All Weather News

Back Country Lightning Safety

12 Jun 2017, 5:06 pm

Most likely you have heard the saying “When Thunder Roars, Go Indoors” concerning lightning safety, but what if you are hiking in the mountains and going indoors is not an option.  

So, what can you do if you are out hiking and a thunderstorm moves in?  

First of all you need to know and be conscious about the dangers of thunderstorms and lightning strikes.  Lightning can strike more than 10 miles away from a thunderstorm which in many cases is a greater distance than the sound of thunder can be heard.

You can estimate the distance between you and a lightning strike by counting the seconds from when you see the “flash” to when you hear the thunder.  For every 5 seconds the storm is one mile away. Divide the number of seconds you count by 5 to get the number of miles.  If you hear thunder you are within range of a lightning bolt and should take shelter immediately.

July, 21, 2013. The view is from Shoshone Point on the South Rim. NPS photo by Michael Quinn.
Summer thunderstorms (July – September) provide beauty, excitement, and much needed water to Grand Canyon, but they also bring risk. Dangerous, potentially deadly, lightning accompanies thunderstorms. Lightning has killed and injured visitors to the park.
While absolute safety from lightning cannot be assured, knowledge and good judgment can help you reduce risk. Learn lightning dangers, practice basic safety precautions, and instruct your children to be aware.

Sturdy structures and hard topped vehicles are good protection when you encounter lightning but these may not be an option when camping or out on a hike.  There are precautions you can take in this case to help improve your safety.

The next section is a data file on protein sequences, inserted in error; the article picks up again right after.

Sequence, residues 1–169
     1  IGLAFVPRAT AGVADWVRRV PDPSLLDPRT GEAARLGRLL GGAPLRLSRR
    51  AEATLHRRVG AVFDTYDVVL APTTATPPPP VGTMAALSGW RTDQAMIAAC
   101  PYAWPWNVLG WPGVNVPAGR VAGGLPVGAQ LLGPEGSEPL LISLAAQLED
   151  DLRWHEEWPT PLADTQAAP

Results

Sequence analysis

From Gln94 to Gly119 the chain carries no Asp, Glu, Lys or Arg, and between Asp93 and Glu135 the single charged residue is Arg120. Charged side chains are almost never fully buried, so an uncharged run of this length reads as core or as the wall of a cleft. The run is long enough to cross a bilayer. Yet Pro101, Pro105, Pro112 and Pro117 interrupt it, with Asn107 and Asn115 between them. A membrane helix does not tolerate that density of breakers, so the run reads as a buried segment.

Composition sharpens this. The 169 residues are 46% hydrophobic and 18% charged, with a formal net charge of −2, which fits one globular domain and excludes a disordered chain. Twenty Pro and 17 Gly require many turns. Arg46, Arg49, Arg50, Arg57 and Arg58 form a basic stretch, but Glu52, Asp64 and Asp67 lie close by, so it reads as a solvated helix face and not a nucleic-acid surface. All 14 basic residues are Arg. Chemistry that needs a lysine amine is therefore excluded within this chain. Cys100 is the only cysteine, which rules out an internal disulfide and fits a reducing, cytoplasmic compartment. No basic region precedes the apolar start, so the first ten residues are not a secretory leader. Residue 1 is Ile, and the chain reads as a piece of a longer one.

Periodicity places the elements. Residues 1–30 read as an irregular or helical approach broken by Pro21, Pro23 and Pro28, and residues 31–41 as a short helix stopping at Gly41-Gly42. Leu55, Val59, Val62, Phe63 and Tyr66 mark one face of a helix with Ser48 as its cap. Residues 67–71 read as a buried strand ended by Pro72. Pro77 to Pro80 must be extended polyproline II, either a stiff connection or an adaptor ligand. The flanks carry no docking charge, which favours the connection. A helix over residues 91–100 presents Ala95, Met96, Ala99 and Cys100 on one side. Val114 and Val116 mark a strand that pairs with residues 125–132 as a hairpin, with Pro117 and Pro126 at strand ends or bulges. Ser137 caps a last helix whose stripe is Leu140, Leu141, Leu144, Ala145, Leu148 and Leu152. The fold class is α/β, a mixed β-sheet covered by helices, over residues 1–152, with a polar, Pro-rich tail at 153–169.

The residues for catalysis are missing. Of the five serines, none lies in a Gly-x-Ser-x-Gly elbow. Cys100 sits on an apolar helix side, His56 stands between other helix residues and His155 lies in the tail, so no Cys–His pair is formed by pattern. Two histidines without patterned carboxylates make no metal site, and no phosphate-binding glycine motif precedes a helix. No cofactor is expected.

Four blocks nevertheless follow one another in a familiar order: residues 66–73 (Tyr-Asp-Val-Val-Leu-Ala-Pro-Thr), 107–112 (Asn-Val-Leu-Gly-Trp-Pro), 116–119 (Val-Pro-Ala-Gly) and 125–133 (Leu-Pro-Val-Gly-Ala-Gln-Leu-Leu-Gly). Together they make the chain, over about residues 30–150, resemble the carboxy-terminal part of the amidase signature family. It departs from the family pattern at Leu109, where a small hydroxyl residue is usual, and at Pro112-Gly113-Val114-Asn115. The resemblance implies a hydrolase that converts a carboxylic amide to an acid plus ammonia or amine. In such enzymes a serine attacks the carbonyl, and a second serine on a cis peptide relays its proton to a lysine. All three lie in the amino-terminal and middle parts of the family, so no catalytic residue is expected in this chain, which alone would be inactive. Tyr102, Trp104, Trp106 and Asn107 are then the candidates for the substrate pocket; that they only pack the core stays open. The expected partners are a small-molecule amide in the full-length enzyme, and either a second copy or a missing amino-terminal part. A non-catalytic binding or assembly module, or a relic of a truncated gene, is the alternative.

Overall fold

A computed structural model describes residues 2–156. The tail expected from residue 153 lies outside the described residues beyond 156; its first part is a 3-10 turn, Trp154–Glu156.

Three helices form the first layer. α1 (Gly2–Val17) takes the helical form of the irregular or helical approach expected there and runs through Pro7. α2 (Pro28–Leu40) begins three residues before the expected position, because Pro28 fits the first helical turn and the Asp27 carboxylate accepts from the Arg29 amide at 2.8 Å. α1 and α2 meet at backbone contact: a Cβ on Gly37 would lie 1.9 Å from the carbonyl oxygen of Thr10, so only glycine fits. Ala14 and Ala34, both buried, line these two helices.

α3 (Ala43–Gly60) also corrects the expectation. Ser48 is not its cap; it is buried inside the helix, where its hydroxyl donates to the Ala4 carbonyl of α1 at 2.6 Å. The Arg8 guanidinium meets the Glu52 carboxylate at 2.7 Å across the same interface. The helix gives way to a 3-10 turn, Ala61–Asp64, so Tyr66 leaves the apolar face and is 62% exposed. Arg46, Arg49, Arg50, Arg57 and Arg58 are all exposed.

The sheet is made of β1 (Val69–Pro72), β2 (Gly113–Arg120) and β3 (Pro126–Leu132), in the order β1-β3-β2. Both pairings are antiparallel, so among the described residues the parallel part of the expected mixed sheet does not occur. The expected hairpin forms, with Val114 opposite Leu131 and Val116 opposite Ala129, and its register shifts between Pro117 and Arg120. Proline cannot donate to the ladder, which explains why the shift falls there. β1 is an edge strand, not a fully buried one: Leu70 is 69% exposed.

• Avoid open shelters or picnic pavilions.  These are not safe and may increase your chance of being struck indirectly or directly by lightning.
  • Don’t stay clustered together if you’re in a group of people.  Spread out to avoid the entire group from being struck.
  • Stay away from water including low areas and puddles.
  • Caves should be avoided too.  Caves can channel lightning.
  • Take shelter in a group of smaller trees among larger trees.  Lone larger trees and small groups of smaller trees should be avoided.
  • Shed metal object you may have.  Frame backpacks, trekking poles, crampons, jewelry, pocket change etc.
  • As a last resort crouch down on the balls of your feet keeping them close together and cover your ears.  This is a lightning crouch and is the last resort when lightning threatens.
  • If you feel hairs on your head, legs, or arms tingling and/or standing on end, means the electrical field for a lightning strike may be in place.  If you feel this, take action immediately to reduce your chances of being struck by lightning.  Move away from tall conductors of electricity and adopt the lighting position.

These are a few ideas to help you avoid being struck by lightning but staying ahead of the storms is your best bet.  Check the weather forecasts and conditions before heading out and pay attention to changing weather conditions.

For Weather Nation: Meteorologist Mike Morrison

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